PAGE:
Sauternes is a product of Sémillon, Sauvignon blanc and Muscadelle grapes – along with arduous labor and meticulous care. Common flavor notes include apricots, honey, peaches, and a rich nuttiness. Although sweet, it pairs perfectly with savory flavors, relishing with the contrast. Foie gras is a classic match. But vintners recommend everything from peppery-flavored Asian cuisine to Roquefort terrine to red meat to chicken and even to crunchy french fries. The goal is to bring out as many nuances as possible with flavors and textures that can stand up to it. Dishes that are creamy (high-fat cheeses and cream-based sauces), salty (cured meats and ham), briny (lobster and other seafood), mineral (oysters), acidic (citrus) and spicy (chiles) are a delicious start.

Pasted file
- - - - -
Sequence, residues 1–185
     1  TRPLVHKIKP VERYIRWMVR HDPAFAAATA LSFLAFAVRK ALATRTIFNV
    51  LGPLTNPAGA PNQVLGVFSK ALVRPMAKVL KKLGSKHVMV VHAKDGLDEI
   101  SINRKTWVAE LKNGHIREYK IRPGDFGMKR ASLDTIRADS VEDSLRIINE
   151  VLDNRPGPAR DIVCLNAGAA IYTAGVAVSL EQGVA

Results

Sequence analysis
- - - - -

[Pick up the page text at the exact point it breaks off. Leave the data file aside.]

The vintage typically starts out with a golden, yellow color that becomes progressively darker as it ages – and the finish can resonate on the palate for several minutes. Damp, cool weather conditions prevail in the Sauternes region. Cool, misty mornings give way to warm, sunny afternoons. Nestled along the Garrone and Cirons Rivers, it’s the perfect microclimate to encourage grapes to over-ripen, letting them shrivel virtually into raisins and enhance their sweet flavors. Yields are much lower here, as these grapes do not develop at even rates and so the fermentation is much more elusive, with harvesters having to hand-select the fruit. This, of course, drives up the price and explains why Sauternes wines are often associated with luxury and special occasions. While a typical grape vine may produce a bottle of wine, it takes an entire vine to create a glass of Sauternes.